School leavers fear failure more than younger teenagers, says study

The study describes 'worrying discrepancies' in the happiness levels of girls and boys by the age of 18

Richard Garner
Education Editor
Thursday 15 October 2015 00:05 BST

Teenagers are far more fearful of failure by the time they leave school than they were at 14, according to a new study.

They are three times more likely to think their school is only preparing them to succeed in exams rather than life, it adds. A total of 31`per cent believed this compared with just 10 per cent of 14-year-olds.

The study of 1,000 14 to 18-year-olds by the independent think tank, Demos, reveals what it describes as “worrying discrepancies” in the happiness levels of girls and boys by the age of 18.

Only 39 per cent of female students report feeling happy (compare with 50 per cent of boys). In addition, 68 per cent say they feel “prone to failure” compared to 49 per cent of boys.

It says the Government must take steps to encourage pupils to develop a more confident “growth” mind-set to encourage ambition and increase their self-belief.

It cites the philosophy of an award winning free school, School 21 in the East End of London, which promotes character development as a key issue and says that “the people in school and in life who are valued are those that can show grit and resilience: who can take on challenging tasks and don’t give up when faced with setbacks but instead continue to strive to develop”.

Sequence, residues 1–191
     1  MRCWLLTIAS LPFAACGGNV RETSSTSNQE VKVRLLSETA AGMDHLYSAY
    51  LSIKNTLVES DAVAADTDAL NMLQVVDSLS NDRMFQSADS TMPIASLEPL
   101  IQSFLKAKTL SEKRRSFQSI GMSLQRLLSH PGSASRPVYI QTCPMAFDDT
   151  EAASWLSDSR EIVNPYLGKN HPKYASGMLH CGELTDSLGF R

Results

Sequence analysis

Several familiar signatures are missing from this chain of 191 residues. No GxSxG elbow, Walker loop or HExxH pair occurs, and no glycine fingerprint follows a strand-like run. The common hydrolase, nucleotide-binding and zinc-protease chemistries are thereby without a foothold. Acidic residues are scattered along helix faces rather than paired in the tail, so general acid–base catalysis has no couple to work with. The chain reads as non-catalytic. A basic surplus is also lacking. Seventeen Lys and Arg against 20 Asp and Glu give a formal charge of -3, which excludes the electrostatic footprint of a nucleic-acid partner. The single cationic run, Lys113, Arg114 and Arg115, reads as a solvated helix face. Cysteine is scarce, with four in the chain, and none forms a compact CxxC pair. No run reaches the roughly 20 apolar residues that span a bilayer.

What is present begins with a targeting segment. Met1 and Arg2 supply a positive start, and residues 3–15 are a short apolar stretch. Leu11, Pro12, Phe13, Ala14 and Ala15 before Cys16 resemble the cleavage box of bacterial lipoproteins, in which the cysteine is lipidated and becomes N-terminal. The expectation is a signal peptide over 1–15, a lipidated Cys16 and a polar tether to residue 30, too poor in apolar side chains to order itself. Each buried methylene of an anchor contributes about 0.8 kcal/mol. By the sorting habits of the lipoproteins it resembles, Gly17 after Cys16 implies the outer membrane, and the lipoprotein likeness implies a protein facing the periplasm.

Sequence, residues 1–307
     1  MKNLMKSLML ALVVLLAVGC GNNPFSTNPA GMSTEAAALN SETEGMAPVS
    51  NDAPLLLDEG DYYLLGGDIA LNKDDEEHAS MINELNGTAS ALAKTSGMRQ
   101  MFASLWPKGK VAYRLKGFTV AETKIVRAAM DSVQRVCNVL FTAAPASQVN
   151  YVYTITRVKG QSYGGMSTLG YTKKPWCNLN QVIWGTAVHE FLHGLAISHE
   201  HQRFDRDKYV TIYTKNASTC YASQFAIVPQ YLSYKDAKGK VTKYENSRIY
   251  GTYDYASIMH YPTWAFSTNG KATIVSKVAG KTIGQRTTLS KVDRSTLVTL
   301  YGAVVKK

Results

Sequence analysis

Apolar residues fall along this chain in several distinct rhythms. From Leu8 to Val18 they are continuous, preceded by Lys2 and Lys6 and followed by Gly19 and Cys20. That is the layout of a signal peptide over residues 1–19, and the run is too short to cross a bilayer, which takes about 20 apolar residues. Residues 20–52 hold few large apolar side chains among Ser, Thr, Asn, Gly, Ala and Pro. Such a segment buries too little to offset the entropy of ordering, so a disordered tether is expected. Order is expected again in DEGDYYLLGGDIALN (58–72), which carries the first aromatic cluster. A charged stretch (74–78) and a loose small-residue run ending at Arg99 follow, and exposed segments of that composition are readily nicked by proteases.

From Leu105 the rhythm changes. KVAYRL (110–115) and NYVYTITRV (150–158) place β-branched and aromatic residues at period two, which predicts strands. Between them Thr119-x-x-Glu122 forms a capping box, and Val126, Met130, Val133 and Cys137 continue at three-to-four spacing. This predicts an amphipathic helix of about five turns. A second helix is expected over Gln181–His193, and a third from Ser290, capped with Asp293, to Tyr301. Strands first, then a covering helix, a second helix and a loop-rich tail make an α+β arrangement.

The report concludes: “School leavers are far less happy than 14-year-olds. Eighteen-year-olds are half as likely to be happy as 14-year-olds at 33 per cent against 60 per cent.”

The report says the fear of failure is spread across all classes, adding: “There is little evidence of any significant differences in resilience, happiness or mind-set as a result of socio-economic status.

“Our survey suggested little difference between those receiving free school meals and those not receiving free school meals in these areas.”

Louise Reynolds, the report’s author, said: “This report shows that mind-sets matter - they can hold us back or propel us forward to achieve more. This insight needs to be applied more systematically in our education system.

“It’s time to act to ensure that all young people, including those from disadvantaged backgrounds, have the opportunity to develop mind-sets for growth, both inside and outside of education.”

Education Secretary Nicky Morgan stressed the importance of schools concentrating on character building and resilience as well as academic performance during the election campaign - and has initiated an awards system for the schools who focus best on these areas.

Join our commenting forum

Join thought-provoking conversations, follow other Independent readers and see their replies


Thank you for registering

Please refresh the page or navigate to another page on the site to be automatically logged inPlease refresh your browser to be logged in